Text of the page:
In the top half of the seventh, the Essex Otters, a motley squad of high school kids, had mounted a furious comeback against the veteran Green Mountain Bombers. With runners on first and second, a rocket into the centerfield triangle was enough to bring across the tying and go-ahead runs, stunning the home team and sending the Otters on their way to a championship.
It was the deciding game of the Summer Classic, a 12-team Wiffle Ball tournament held at Little Fenway in Jericho, Vt., and organized by SLAMDiabetes, an organization led by Jeff Kolok, whose goal is to help the lives of kids with Type 1 diabetes, and the families that support them. Kolok himself has children with Type 1 diabetes, and started the group as a way to raise awareness and funds to fight the disease and improve the lives of the families affected. He also swings a mean bat for the Bombers.
I volunteered at the Vermont event, and later, I got to play with my own team in the New Bedford, Mass., tournament, held to fight Type 1 diabetes and benefit the Bay Sox Foundation. From my tented seat, I worked as the official scorer for some of the games, and in my downtime, helped set up chairs, hang signs and run lineups.
It is inherently silly, watching grown men and women don uniforms, swing bright yellow bats and scamper around a miniature diamond. And it was an amazing flashback to little league, in that I couldn’t get on base to save my life. But, for two weekends, I was a small part of an organization that is trying to help, trying to make a difference. And it all takes place in an amazing setting.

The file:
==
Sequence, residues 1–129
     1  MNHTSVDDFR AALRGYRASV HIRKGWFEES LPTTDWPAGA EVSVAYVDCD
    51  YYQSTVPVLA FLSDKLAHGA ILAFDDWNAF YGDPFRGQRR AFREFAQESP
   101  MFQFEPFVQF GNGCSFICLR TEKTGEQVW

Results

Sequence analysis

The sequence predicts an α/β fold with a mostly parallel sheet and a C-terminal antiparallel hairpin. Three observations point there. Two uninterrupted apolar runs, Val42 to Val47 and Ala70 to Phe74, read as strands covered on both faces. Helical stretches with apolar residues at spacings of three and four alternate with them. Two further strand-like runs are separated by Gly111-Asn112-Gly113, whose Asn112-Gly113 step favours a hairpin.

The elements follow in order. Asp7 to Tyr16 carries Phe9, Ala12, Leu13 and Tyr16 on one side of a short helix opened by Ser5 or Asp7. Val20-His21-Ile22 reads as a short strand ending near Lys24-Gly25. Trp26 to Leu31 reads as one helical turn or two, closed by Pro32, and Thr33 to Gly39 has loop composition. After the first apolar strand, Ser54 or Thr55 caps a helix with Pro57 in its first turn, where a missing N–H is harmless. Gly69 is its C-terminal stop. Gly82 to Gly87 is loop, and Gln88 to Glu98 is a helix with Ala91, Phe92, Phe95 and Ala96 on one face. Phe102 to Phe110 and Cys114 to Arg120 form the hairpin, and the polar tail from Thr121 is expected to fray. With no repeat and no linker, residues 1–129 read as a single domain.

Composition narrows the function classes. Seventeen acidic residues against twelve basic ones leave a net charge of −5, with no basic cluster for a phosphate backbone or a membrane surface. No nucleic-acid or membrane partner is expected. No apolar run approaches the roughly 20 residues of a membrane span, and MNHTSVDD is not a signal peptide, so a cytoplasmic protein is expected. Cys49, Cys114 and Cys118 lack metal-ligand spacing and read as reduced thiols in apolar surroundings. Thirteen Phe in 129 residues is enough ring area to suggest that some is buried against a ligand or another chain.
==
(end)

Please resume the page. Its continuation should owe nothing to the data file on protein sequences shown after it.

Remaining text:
Little Fenway is owner Pat O’Conner’s backyard love letter to baseball, a detailed model of Boston’s Fenway Park built to scale. Finished in 2001, it has all the defining features of the park at that time, complete with the Citco sign behind the left-field wall and the ladder affixed to the front. In the home run derby here, I managed to line one off the top of the scoreboard, easily the most power I’m capable of with a plastic bat. As always, I have a lot more Mike Greenwell in me than David Ortiz.
On the other side of his yard sits Little Wrigley, with ivy crawling up its faux-brick walls and flags honoring Ron Santo, Ernie Banks and company flying off its foul poles. It’s here that I scored a day and a half of Wiffle Ball games, scribbling away as home runs, line drives and bloops flicked off of that yellow bat, one after the other.
Watching and scoring for this tournament was a wonder. Through that tournament, 12 teams all had a blast, whether they went 0-3, made the playoffs or won the tournament. And with the ever-visible “SLAMDiabetes” logo and the presence of kids living with the disease, the message of why all these kids and adults were playing in this tournament on these amazing little fields was not lost.
It also helped me ramp up my own excitement for the New Bedford tournament. We had three weeks left to practice, get our uniforms together and, of course, to raise money.